Guidelines for Implementing AWS WAF AWS WAF is a web application firewall (WAF) that helps you protect

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  • Guidelines for Implementing AWS WAF

    May 2020

  • Notices

    Customers are responsible for making their own independent assessment of the

    information in this document. This document: (a) is for informational purposes only, (b)

    represents current AWS product offerings and practices, which are subject to change

    without notice, and (c) does not create any commitments or assurances from AWS and

    its affiliates, suppliers or licensors. AWS products or services are provided “as is”

    without warranties, representations, or conditions of any kind, whether express or

    implied. The responsibilities and liabilities of AWS to its customers are controlled by

    AWS agreements, and this document is not part of, nor does it modify, any agreement

    between AWS and its customers.

    © 2020 Amazon Web Services, Inc. or its affiliates. All rights reserved.

  • Contents

    Overview ............................................................................................................................. 1

    Understanding Threats and Mitigations ............................................................................. 2

    DDoS Attacks at Layer 7 ................................................................................................. 3

    Web Application Attacks .................................................................................................. 4

    Bad Bots .......................................................................................................................... 5

    Requirements ...................................................................................................................... 5

    Protections ....................................................................................................................... 5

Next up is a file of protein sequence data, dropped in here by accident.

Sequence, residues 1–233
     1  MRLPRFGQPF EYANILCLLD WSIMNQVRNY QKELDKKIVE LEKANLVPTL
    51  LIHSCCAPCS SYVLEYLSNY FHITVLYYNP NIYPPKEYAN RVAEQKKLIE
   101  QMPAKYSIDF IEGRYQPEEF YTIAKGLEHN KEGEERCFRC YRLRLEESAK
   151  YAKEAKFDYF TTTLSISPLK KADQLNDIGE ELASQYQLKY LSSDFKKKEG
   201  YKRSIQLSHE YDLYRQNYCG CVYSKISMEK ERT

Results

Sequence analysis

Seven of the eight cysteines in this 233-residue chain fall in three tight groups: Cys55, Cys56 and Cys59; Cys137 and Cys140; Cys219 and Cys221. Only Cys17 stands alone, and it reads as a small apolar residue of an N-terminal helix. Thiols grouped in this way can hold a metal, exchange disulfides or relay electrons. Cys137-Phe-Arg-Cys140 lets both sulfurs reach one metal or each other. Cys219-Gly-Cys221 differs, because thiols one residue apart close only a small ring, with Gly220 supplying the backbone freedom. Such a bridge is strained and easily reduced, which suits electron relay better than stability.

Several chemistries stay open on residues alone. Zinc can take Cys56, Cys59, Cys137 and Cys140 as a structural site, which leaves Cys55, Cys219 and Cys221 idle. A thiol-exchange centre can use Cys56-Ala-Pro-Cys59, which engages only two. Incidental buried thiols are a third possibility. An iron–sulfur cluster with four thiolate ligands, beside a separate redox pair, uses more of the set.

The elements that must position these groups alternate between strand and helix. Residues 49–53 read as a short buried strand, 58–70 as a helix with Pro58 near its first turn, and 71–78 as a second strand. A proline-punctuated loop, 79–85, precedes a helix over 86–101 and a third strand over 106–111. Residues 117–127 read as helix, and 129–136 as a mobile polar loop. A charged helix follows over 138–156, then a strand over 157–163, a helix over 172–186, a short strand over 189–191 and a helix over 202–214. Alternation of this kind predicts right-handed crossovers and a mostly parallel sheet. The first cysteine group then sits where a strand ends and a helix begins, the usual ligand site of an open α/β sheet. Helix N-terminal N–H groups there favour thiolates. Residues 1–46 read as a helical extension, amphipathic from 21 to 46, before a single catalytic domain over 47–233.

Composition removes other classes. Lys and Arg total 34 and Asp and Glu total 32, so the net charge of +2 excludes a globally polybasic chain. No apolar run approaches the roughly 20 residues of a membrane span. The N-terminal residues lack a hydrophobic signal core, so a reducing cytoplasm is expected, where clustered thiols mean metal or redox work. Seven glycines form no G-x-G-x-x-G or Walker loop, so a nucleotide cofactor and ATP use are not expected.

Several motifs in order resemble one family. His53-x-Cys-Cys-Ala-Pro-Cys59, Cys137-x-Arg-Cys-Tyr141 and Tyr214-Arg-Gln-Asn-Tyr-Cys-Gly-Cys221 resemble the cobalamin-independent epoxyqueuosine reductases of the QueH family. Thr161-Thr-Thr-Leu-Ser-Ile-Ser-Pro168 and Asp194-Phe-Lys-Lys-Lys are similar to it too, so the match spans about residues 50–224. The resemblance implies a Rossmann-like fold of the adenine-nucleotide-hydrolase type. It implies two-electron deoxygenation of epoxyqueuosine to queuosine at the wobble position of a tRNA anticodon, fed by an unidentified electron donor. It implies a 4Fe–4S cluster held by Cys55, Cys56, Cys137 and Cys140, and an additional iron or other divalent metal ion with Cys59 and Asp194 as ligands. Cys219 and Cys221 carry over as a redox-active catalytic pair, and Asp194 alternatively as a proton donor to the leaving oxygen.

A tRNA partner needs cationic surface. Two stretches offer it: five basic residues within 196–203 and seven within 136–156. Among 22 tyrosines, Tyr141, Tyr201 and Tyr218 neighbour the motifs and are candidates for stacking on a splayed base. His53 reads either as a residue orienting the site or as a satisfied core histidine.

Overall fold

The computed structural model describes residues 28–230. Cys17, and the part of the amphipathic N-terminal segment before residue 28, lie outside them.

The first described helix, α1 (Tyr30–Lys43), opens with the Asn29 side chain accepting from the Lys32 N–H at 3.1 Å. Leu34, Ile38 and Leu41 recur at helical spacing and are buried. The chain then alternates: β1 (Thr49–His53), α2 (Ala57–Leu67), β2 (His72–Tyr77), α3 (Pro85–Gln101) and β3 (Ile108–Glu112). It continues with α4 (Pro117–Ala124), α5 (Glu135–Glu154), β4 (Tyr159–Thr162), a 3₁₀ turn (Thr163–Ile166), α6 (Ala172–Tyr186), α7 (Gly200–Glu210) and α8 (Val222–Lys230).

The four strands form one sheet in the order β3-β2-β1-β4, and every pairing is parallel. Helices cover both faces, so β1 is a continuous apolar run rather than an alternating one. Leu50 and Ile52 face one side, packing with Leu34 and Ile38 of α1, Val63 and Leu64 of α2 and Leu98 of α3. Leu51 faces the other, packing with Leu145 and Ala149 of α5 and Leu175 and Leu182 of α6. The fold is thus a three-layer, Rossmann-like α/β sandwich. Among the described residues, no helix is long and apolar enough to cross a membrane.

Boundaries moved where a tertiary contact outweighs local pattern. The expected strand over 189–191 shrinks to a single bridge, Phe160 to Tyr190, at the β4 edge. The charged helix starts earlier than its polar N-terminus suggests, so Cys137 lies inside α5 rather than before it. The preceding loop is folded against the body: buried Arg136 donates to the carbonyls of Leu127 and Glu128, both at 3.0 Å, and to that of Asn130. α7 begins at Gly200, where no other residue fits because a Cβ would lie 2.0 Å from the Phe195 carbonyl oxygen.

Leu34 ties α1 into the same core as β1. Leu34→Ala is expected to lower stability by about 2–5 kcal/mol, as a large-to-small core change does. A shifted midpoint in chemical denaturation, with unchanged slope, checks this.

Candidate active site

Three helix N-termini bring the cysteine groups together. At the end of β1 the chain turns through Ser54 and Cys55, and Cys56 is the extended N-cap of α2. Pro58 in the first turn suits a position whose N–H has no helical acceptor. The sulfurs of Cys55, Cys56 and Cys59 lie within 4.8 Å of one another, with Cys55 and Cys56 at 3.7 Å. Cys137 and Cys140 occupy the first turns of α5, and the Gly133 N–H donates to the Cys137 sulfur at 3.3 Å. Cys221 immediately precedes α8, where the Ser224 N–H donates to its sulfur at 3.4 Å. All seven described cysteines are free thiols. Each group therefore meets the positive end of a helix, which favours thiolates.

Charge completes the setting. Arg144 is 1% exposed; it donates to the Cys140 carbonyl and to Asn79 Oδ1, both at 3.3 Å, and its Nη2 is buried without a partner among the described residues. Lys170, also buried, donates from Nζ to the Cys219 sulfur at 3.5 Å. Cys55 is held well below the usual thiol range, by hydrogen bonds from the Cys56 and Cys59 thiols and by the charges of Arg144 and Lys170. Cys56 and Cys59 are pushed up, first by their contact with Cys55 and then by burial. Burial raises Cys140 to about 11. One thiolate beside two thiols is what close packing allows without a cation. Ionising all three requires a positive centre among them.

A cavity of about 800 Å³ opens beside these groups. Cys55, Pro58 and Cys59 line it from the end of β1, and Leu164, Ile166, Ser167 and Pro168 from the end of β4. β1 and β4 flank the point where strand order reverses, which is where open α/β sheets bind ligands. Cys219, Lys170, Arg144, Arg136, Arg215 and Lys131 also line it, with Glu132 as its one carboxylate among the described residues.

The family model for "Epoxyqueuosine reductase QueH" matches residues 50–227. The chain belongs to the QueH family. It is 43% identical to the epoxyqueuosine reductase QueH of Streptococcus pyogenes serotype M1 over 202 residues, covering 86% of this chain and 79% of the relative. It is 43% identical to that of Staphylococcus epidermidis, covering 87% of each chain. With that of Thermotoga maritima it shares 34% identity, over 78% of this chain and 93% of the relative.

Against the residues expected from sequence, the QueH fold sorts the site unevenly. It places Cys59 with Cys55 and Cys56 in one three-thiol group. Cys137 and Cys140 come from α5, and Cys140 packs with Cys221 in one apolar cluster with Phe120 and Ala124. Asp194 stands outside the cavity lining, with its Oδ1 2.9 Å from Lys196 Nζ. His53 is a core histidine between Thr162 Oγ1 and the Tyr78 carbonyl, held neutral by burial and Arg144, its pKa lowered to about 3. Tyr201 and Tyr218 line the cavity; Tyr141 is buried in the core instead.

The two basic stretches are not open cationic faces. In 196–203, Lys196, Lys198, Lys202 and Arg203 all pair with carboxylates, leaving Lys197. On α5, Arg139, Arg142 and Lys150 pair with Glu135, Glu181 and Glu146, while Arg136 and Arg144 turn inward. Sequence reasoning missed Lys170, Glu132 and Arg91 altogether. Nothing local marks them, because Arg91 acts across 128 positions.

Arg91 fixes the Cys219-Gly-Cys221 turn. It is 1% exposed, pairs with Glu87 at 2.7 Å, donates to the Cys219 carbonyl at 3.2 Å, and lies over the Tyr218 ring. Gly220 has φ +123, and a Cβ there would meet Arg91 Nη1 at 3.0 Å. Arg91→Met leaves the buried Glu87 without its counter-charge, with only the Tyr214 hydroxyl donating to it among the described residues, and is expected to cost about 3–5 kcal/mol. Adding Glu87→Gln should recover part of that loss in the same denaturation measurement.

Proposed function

Managed vs Custom Rules ............................................................................................. 6

    Governance ..................................................................................................................... 6

    Logging ............................................................................................................................ 8

    Implementation.................................................................................................................... 9

    Select a Starting Point ..................................................................................................... 9

    AWS WAF Integration Design ......................................................................................... 9

    Validation in Staging Environment ................................................................................ 10

    Monitoring and Visibility ................................................................................................. 12

    Testing and Tuning ........................................................................................................ 14

    Deployment to Production ................................................................................................ 19

    Operational Readiness .................................................................................................. 19

    Deployment .................................................................................................................... 20

    Post Deployment ........................................................................................................... 21

    Cost Considerations.......................................................................................................... 22

    Conclusion......................................................................................................................... 22

    Contributors ....................................................................................................................... 22

    Further Reading ................................................................................................................ 23

    Document Revisions ......................................................................................................... 23

  • About this Guide

    AWS WAF is a web application firewall (WAF) that helps you protect your websites and

    web applications against various attack vectors at the application layer (OSI Layer 7).

    This whitepaper outlines current recommendations for implementing AWS WAF to

    protect existing and new web applications. This paper applies to anyone who is tasked